WASHINGTON — Lockheed Martin Corp. of Bethesda, Md., plans to offer buyouts to company executives in an effort to trim its management structure and lower costs in response to growing budgetary pressures facing its largest customer, the U.S. Defense Department, according to a July 6 company press release.

Lockheed Martin, the world’s largest manufacturer of space hardware, will offer financial incentives to directors and vice presidents to leave the company by Feb. 1, 2011, the release said.

The company does not have a goal for the number of positions it seeks to eliminate, but it does have a total cost savings goal that it will aim to reach through various efforts, Lockheed Martin spokesman Jeffery Adams said. He declined to be more specific.

U.S. defense firms have benefited from a robust Pentagon budget for the last decade as the United States has waged wars in Iraq and Afghanistan. Industry for some time has been expecting a more austere defense budget in the coming years, and the Pentagon this spring announced an effort to find $101 billion in cost savings over the next five years.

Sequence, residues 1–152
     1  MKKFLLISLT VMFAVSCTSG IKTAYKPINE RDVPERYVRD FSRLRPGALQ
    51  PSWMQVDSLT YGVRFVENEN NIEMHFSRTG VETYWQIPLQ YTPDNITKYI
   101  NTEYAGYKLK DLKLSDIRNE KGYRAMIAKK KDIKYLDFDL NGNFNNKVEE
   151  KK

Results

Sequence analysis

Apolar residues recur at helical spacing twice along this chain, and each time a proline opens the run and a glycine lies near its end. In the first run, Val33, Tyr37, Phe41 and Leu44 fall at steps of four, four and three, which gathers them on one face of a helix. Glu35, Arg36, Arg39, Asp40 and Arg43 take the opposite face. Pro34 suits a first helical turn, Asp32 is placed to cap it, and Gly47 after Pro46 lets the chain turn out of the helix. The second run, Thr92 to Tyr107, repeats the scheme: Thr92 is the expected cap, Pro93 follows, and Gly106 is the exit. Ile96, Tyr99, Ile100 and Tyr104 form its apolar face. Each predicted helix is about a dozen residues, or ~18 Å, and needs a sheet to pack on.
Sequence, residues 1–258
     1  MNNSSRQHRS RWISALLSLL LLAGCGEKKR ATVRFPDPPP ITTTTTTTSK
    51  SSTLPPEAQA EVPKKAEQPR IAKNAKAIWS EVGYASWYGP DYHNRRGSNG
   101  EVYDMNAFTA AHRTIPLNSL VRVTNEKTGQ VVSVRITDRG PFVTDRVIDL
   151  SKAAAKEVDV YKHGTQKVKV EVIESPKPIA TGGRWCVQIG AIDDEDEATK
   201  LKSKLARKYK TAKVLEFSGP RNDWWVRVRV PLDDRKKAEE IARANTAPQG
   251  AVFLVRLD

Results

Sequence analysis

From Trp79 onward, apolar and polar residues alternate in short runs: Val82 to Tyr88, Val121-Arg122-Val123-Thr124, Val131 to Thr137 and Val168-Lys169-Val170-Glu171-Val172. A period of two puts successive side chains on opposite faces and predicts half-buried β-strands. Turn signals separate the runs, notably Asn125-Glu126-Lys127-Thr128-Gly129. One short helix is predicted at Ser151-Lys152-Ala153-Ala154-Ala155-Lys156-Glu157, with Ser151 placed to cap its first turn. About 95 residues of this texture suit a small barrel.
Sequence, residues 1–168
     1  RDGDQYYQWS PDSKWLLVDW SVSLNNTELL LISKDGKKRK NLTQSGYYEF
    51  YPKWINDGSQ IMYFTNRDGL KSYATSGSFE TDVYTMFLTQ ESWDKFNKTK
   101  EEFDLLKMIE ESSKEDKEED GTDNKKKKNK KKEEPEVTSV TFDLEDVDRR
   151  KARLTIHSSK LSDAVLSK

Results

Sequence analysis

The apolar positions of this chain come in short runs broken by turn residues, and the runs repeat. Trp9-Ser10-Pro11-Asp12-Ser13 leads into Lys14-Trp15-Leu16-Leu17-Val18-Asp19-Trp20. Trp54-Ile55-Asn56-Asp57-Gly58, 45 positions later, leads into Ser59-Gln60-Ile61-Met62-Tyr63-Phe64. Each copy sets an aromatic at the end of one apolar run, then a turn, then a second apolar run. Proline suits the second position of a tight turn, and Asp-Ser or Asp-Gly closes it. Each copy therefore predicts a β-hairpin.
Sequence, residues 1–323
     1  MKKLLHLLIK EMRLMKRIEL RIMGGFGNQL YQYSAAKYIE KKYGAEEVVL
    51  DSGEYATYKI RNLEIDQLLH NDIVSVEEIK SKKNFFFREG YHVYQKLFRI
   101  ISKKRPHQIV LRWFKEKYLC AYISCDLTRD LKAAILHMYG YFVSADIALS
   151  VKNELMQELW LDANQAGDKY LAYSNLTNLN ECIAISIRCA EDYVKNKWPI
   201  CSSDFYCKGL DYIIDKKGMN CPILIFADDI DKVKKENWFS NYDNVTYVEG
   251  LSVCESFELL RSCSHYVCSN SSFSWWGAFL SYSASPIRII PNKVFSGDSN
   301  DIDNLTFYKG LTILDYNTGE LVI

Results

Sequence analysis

“We’re taking bold and responsible action to address the new reality of our business environment consistent with our customers’ need to improve efficiency and deliver additional savings,” Bob Stevens, Lockheed Martin’s chairman and chief executive, said in the press release. “Our customers are facing increasing demands with constrained resources, and they’re relying on us to give them the very best value within these constraints. This was clearly expressed by our top U.S. Department of Defense leadership in the recent announcement of major cost savings and productivity initiatives.”